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I didn’t particularly want to go out yesterday afternoon.  I had been battling a cold for a few days and
hadn’t felt great on my past two runs.  I
found myself putting away laundry, taking out the recycling and cutting out
kindergarten crafts rather than lacing up my shoes.  I was avoiding it.   I knew the weather was perfect, especially
for November, and that days as warm as that won’t last for much longer, but I
waited and waited until it was time to get the kids from school. 

I knew I needed to get out, so I put them in the car and
drove to one of our favorite spots.  It’s
a neighbor’s property, and he, an avid mountain biker, has cut trails in and
out of the woods surrounding his cabin.  Even
better, he gave me permission to use it anytime.  It’s a perfect place because I can get off
the road, which is far less punishing, and I can let the kids play in a
wonderland of pine groves and meandering creeks without too many worries.

While they happily dug a “treasure keeper” in the side of
the hill and made a lean-to out of fallen pine boughs and damp leaves, I did a
workout of 600 m repeats through the woods. 
As I was warming up, I could think of a million things I would have
rather been doing, like sitting in a lean-to and digging a hole in the dirt,
but I went ahead and finished the warm-up, and as always, after 15 minutes, my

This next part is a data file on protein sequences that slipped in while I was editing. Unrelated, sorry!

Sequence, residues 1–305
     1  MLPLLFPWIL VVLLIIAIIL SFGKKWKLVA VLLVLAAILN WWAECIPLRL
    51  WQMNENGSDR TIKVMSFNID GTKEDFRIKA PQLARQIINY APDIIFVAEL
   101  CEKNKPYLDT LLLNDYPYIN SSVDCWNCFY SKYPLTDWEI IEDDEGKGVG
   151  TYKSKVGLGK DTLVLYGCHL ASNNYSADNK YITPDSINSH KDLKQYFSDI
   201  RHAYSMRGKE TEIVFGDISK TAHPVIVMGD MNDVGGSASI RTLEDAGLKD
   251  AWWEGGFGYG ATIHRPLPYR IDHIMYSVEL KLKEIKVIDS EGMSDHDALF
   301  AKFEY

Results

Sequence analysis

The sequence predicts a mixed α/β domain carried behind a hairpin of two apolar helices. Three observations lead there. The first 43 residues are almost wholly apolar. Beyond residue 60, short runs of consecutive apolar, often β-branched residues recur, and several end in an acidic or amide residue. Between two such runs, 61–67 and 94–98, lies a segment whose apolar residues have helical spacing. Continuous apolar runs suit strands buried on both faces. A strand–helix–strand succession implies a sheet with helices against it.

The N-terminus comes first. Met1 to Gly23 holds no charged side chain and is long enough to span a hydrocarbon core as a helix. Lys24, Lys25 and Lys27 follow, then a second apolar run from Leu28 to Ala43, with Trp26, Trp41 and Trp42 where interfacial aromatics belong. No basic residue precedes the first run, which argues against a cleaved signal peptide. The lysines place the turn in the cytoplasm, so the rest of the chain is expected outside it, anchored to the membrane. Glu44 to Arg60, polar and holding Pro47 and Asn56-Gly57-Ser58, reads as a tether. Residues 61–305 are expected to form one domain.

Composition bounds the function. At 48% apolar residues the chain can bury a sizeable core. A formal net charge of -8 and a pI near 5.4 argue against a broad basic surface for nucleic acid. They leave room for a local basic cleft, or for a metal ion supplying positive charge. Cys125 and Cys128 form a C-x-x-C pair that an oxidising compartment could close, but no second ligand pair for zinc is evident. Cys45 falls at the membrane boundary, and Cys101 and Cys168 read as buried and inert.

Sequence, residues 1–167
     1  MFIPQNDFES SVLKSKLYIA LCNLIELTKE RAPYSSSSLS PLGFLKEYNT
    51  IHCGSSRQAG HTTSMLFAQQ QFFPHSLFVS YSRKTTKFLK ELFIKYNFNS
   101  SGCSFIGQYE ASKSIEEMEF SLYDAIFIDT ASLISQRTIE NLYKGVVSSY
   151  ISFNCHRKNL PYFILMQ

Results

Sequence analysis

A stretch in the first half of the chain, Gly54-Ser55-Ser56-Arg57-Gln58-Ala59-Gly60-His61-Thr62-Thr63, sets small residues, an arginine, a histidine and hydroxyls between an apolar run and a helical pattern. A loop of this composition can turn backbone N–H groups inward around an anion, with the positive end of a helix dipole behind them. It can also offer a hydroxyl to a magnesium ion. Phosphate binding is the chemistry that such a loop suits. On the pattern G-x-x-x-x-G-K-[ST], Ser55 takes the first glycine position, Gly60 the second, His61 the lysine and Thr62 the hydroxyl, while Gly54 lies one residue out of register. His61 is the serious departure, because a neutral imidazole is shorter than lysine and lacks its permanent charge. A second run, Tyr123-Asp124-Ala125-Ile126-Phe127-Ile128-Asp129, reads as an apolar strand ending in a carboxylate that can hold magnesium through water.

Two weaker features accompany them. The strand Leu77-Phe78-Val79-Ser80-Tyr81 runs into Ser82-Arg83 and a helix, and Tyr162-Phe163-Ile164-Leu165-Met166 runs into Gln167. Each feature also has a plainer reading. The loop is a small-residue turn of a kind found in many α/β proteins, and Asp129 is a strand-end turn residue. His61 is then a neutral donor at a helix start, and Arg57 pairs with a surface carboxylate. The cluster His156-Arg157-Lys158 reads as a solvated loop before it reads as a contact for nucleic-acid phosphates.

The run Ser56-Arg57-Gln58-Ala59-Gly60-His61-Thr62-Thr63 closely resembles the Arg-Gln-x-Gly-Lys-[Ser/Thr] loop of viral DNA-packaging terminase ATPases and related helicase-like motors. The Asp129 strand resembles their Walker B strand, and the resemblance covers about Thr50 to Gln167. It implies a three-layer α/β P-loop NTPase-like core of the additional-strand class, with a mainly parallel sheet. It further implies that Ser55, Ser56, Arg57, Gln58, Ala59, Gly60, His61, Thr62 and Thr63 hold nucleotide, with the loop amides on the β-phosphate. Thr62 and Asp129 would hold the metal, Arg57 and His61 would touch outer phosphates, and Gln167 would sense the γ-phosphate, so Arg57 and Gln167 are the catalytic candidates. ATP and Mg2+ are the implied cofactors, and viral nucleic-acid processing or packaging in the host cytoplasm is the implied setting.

reluctance turned to enthusiasm.  That’s
generally all it takes for me.  If I can
just get out the door and get that first 15 minutes over with, I’m good for the
whole workout.

One of the best things about running in the woods is the
quiet.  It allows for total concentration
and focus.  I was only temporarily
distracted by a shower of leaves as they fell from the tip-tops of the trees
along the creek bank to the water below. 
It was like a storm of little whirling boats from heaven, and for a
moment, I lost concentration and slowed down if only for a few seconds.  The rest of the time, I was aware only of my
own breathing, the swing of my arms and the push of my feet against the soft,
mossy ground. 


And this morning, I went out again; only this time, I ran
the road near my house and enjoyed the smell of early morning wood smoke, the
silhouette of naked trees against a steel gray November sky and horses trotting
along beside me inside their fence.  I
felt even better than I did yesterday, which I guess goes to prove there’s
something to be said for consistency and just getting out the door.  Those first 15 minutes might be a killer, but
they are so worth the payoff.

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